5. In order to determine whether there is a significant environmental water gradient with respect to the Velvet Mesquite in the local biome, we analyzed pinnate and leaflet characteristics from our samples and discovered the following patterns: • On average, samples taken from ridgeline trees have more pinnae per leaf (2.67 +/- 0.4246mm) than samples taken from velvet mesquite in the arroyo. (2.34 +/- 0.2959mm) Though, statistically speaking, we can only be 94% sure of this result (Sig. P< 0.06). • There is no significant difference (LP < 0.695), according to our data, between the average length of individual pinnae sampled from both these groups (57.78 +/- 11.67mm vs 59.42 +/- 5.62mm). • There is no appreciable difference between the lengths of the leaflets (LS < 0.867). On average, leaflets from ridgeline samples were 11.40 +/- 0.66 mm, where arroyo samples were 11.55 +/- 0.54mm. • However, the value for the average width of the leaflet is larger (3.51mm) from the arroyo in comparison to the width of the leaflets from the ridgeline trees (2.85mm). Leaflets tend to be 19% wider on trees near the arroyo (WS < 0.05). • The compound values we calculated for this experiment also pointed to no significant difference between populations. These values were, for B and A populations respectively: average area of pinnate (1086.57 +/- 348.80mm) (1002.04 +/- 381.52mm) (Sig. AP> 0.611); area of leaflet (27.45 +/- 9.02mm) and (31.92 +/- 6.54mm) (Sig, AS > 0.223); area of leaf (2873.76 +/- 1111.59mm) and (2494.96 +/- 604.43mm) (Sig. AL> 0.360). • Please view “Comparative Analysis of the the Morphological Characteristics of Prosopis Velutina” and “Statistical Data” below. Results Site A = Arroyo Site B = Ridgeline

  6. Comparative Analysis of the Morphological Characteristics of Prosopis Velutina from Two Different Environmental Gradients Site A = Arroyo Site B = Ridgeline

  7. Statistical Data Site A = Arroyo Site B = Ridgeline

  8. Discussion:How Does the Environmental Water Gradient Affect the Leaf Morphology of Velvet Mesquite Trees in the Sonoran Desert Biome? We sampled two groups of Velvet Mesquite trees, one in a wash area and one along a ridgeline. What we were trying to establish was some kind of morphological difference between these groups, so that we could formulate some hypotheses about the way that a water gradient influences the leaf morphology of this species. What we discovered was that establishing these differences is no simple task. Based on our sample size the only significant (and statistically viable) conclusion we could draw is that trees that grow at higher, drier elevations tend to produce narrower leaflets. Whether this is an effect the water table remains to be determined. The only other potential difference we discovered was in average number of pinnate per leaf. Trees in the arroyo tended to have less pinnae. We measure pinnae length, leaflet length, average pinnae area, average sub-leaf area, and total leaf area, but we found that there was no meaningful statistical differences between the two populations. However, we did notice some differences just through general observation, and have made some hypotheses thereon. For instance: In the lower elevations the Velvet Mesquite had flowers, and the Velvet Mesquite on the ridgeline had no flowers. This could be due to the fact that at lower the elevation more moisture is available, and at the higher the elevation less moisture is available. Many insects surrounding the Velvet Mesquite depend upon the pollen in the flowers of the velvet Mesquite. In the lower elevation we observed many insects present, however, in the higher elevations the presence of insects was not obvious. We also observed that the pinnae from site A tended to be greener and the pinnae from site B tended to be curvier. The influence that moisture has on the characteristics of Velvet Mesquite is apparent, and this must have an effect on all of the surrounding species. Site A = Arroyo Site B = Ridgeline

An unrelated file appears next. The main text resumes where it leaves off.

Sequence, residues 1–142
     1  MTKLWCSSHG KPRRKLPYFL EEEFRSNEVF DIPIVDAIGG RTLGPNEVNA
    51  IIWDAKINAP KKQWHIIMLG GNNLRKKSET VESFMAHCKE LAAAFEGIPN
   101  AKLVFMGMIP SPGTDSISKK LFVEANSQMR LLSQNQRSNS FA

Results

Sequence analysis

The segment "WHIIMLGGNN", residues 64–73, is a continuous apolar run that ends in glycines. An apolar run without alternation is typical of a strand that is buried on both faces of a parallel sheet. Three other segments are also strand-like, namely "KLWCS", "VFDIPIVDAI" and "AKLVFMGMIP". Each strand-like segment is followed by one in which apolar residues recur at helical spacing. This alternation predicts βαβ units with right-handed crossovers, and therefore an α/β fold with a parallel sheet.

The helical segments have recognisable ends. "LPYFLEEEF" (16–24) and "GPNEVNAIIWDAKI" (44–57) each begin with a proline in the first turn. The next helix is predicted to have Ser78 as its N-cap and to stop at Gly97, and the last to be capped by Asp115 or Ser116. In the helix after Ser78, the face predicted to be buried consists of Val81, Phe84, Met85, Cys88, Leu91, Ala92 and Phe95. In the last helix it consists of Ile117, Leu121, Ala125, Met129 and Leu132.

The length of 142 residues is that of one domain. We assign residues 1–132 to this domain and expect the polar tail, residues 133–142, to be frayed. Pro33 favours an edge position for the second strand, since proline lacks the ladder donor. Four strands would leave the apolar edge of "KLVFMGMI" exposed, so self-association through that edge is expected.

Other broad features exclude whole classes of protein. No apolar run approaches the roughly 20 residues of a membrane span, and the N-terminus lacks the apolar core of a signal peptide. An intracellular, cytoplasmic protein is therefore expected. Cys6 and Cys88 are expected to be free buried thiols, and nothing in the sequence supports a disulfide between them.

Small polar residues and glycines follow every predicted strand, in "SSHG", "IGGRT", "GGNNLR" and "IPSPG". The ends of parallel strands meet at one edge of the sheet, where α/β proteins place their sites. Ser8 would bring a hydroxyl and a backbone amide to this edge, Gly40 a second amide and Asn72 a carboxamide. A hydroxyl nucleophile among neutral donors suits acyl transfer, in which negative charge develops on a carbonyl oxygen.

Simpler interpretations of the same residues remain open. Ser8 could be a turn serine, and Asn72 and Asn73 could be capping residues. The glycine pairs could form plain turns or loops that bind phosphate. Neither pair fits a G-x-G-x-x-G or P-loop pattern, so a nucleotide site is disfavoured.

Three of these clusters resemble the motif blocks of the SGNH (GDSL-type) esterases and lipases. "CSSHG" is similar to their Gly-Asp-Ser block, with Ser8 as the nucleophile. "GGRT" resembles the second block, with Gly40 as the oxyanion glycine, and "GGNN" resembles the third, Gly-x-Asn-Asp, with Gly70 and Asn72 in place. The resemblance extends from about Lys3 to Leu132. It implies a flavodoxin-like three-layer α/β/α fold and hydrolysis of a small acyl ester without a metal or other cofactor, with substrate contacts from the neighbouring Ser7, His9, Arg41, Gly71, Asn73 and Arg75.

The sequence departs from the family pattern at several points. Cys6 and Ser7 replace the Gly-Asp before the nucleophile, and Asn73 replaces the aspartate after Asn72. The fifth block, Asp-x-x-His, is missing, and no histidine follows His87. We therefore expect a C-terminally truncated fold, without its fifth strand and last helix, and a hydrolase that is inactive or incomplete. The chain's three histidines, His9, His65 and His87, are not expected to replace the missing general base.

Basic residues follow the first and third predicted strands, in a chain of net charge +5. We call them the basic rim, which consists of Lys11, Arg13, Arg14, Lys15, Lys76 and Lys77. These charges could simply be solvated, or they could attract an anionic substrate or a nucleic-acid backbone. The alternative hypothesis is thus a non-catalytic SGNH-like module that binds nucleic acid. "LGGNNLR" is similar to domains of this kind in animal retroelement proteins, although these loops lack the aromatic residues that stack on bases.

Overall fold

9. Conclusion • Statistically, the morphology of Velvet Mesquite did not vary greatly along a water gradient. The only statistically meaningful difference we observed was that leaflets from a Velvet Mesquite in an environment in which water was more readily available were wider than leaflets from a Velvet Mesquite in a drier environment. Based on the lack of morphological differences and the lack of genetic isolation, we must conclude that the Mesquite trees that we sampled are members of the same population. The different characteristics the Mesquite had were a plasticity response rather then different genetic coding. • In this exercise, we learned various new methods to collect and analyze data: • Linear sampling with line-intercept • Stratified sample - taking samples from the same species across different environments. • Installing sampling control factors such as moisture, sunlight, elevation, and sampling consistently within the 110° and 138° range. • Anatomy of the Velvet Mesquite leaf. • Labeling sample bags with GPS to avoid confusion. • SPSS Statistical Analyses software, mean, standard deviation, and significant error. • Treating both the pinnae and the sub-leaf as ellipses: • A = pi(r1r2) Site A = Arroyo Site B = Ridgeline

  10. References Bowers, Janice Emily and Brian Wignall. 1993. Shrubs and Trees of the Southwest Deserts. Southwest Parks and Monuments Association, Tucson. Phillips, Steven J. and Patricia Wentworth Comus. 2000. A Natural History of the Sonoran Desert. Arizona-Sonoran Desert Museum Press, Tucson.